If I were in your boots (ha) I would focus on the day, in sections. With absolutely no pressure or expectations for each part.

    1) We are going to load up, and head over to the show.
    2) We are going to unload, go for a walk, and see how this guy does in a new, crowded place. If that goes well...
    3) Saddle up, walk around. Play around in the warm-up arena, hang our ringside, watch some classes. If that goes well...
    4) Enter the first class. If that goes well...so on and so forth.

    This mind-set seems to help with my students, anyway. If nothing else, you will learn what a "bridle path hack" is (I am not familiar with this, either, interested to hear from another cother on that one).

    This is the best kind of show! Zero pressure, zero expectations, all for the experience and enjoyment. Especially with such a new horse; the smallest success will be big.


    • Original Poster

      Thank you eastend! That's really good advice. I'm not used to being so underprepared and I generally do put wayyy too much pressure on myself. But you're right. New horse, rusty me...there's no reason I need to do that. This should be fun!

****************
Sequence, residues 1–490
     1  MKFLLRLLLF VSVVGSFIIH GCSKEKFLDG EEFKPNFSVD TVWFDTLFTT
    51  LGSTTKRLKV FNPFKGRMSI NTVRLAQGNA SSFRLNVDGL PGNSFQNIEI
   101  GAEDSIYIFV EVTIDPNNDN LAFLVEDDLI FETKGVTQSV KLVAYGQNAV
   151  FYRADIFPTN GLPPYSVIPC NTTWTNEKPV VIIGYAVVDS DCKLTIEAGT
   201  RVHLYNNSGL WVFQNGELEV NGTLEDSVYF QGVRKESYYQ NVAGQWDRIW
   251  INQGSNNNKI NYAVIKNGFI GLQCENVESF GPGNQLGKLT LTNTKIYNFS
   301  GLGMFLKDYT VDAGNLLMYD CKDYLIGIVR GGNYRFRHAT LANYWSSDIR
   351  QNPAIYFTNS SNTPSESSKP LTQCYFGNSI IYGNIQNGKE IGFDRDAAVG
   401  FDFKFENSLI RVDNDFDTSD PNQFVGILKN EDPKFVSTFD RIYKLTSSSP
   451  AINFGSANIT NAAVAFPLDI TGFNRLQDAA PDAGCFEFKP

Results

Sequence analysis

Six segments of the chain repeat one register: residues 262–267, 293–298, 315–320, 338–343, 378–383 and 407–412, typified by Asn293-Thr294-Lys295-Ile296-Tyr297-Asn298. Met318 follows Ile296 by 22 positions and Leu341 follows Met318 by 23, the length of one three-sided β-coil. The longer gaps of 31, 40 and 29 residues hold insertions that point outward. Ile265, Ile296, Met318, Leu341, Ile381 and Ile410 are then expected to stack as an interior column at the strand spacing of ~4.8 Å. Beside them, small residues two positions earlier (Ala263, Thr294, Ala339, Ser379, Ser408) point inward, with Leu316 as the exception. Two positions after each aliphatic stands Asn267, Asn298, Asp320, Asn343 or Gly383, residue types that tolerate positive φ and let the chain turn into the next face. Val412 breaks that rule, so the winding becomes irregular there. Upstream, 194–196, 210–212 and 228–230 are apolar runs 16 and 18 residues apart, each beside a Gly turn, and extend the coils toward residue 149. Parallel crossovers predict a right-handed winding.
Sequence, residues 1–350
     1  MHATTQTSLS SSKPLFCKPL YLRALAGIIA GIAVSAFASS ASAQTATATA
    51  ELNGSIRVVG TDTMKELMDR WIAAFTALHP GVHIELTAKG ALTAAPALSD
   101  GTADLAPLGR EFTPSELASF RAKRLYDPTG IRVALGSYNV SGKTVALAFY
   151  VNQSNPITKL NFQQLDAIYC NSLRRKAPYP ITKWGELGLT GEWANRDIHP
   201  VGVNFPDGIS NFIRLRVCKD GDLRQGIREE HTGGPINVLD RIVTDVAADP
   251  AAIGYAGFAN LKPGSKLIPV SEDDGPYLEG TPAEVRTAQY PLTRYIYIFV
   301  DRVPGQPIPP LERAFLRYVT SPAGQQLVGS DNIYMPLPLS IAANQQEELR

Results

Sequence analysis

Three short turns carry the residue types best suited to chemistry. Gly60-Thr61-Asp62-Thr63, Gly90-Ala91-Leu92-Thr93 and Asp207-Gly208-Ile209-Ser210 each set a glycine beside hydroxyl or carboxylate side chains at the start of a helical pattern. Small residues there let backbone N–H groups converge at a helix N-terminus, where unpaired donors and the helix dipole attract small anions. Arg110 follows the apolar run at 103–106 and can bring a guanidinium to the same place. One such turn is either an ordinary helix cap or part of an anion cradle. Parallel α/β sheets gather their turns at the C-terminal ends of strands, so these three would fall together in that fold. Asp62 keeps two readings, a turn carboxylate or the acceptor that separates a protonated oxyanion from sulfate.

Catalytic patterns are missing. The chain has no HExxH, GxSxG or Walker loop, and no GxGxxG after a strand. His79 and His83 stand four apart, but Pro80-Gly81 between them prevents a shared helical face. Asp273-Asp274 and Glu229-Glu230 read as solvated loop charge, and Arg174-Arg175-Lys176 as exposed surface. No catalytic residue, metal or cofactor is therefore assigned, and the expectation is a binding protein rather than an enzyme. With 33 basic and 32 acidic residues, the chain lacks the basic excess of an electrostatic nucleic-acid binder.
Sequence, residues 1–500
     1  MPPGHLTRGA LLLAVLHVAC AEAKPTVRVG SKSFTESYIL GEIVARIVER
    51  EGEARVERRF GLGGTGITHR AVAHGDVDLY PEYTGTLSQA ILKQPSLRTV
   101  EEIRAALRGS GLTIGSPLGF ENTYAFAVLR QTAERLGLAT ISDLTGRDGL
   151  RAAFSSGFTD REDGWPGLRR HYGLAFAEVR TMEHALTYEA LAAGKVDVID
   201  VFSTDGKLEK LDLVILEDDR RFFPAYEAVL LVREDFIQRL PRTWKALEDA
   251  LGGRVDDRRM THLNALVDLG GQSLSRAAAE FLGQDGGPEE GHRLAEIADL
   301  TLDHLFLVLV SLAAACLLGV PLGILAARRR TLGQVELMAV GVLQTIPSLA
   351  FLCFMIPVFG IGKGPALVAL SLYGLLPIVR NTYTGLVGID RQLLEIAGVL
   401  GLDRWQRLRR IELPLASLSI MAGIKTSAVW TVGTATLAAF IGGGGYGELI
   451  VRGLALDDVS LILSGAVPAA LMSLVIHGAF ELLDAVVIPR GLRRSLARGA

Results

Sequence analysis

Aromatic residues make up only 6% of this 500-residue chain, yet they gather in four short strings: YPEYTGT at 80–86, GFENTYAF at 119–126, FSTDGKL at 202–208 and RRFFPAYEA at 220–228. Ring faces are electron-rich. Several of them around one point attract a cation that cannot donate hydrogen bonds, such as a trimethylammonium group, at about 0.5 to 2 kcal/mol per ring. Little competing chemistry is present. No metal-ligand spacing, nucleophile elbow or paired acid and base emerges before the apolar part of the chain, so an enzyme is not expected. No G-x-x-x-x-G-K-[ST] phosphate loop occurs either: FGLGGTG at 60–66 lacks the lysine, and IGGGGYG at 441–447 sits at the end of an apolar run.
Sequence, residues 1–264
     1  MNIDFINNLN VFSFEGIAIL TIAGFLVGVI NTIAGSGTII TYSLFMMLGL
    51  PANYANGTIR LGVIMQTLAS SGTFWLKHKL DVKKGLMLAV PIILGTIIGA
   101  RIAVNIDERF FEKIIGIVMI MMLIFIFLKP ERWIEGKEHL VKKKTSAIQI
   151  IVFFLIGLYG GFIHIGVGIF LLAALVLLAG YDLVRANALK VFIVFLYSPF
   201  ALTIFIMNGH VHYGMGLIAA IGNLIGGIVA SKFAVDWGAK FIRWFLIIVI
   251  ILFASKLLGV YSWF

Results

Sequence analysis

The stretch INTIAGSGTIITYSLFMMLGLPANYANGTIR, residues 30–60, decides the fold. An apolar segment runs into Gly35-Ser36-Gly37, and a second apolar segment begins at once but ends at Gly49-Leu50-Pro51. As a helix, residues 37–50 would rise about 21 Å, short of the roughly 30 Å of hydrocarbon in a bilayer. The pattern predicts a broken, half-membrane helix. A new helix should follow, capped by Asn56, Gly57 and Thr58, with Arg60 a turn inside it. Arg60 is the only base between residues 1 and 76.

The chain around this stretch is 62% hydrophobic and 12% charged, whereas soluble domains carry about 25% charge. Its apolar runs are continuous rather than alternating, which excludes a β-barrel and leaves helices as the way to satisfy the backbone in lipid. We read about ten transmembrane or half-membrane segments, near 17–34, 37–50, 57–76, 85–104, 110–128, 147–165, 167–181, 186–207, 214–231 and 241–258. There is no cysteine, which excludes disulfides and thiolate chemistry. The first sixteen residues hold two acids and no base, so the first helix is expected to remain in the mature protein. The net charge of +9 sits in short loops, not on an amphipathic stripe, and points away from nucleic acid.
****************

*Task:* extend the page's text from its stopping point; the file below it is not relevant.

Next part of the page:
• #4
        In road hack, expect to be asked to hand gallop.
        Blog chronicling our new eventing adventures: Riding With Scissors


        • #5
          Google gave me this:

          Bridle Path Hack or Road Hack

          This is a basic flat class that can also include extended trot and hand galloping in at least one direction around the arena. The judge may also ask for your horse to halt and back up.

          So those two classes may be quite similar. Read somewhere else that Bridle Path may also include a tiny jump. If your guy doesn't jump yet I'd ask about that beforehand.


          • Original Poster

            Yea - from the prizelist, it's just flatting. It's interesting that they have both, that's why I was confused as to the nuance between the two. I was thinking that they'd want a more forward horse in the Road Hack, to imitate the hunt field, but then how does that go into the same division that the Hunter Pleasure does?